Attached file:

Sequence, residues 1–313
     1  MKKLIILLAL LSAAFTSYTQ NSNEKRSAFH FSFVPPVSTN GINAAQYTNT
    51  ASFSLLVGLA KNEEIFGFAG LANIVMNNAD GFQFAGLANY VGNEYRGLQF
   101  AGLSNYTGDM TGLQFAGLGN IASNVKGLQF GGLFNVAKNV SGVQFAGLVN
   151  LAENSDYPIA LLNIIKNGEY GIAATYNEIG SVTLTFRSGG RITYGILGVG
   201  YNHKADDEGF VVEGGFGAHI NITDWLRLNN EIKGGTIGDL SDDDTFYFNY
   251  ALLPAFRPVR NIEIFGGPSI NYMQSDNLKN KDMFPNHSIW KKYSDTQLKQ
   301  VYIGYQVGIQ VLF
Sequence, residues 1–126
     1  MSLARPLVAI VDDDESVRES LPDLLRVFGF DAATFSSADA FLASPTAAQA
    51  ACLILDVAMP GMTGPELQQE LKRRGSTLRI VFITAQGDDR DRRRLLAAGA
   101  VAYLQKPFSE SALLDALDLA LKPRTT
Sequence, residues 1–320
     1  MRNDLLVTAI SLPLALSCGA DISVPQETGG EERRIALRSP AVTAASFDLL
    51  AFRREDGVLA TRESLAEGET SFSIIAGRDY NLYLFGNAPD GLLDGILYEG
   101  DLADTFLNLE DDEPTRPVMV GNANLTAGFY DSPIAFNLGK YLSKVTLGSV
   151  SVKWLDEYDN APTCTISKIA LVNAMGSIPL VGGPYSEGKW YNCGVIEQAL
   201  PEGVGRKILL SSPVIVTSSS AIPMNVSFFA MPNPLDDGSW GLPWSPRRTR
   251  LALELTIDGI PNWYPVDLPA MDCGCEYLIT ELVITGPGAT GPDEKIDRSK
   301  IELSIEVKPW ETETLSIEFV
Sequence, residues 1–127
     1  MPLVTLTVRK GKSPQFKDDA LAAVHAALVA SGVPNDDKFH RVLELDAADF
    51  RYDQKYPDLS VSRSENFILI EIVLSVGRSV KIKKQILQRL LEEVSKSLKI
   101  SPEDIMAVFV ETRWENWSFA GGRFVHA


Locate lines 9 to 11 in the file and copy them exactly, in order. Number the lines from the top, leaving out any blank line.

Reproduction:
Sequence, residues 1–126
     1  MSLARPLVAI VDDDESVRES LPDLLRVFGF DAATFSSADA FLASPTAAQA
    51  ACLILDVAMP GMTGPELQQE LKRRGSTLRI VFITAQGDDR DRRRLLAAGA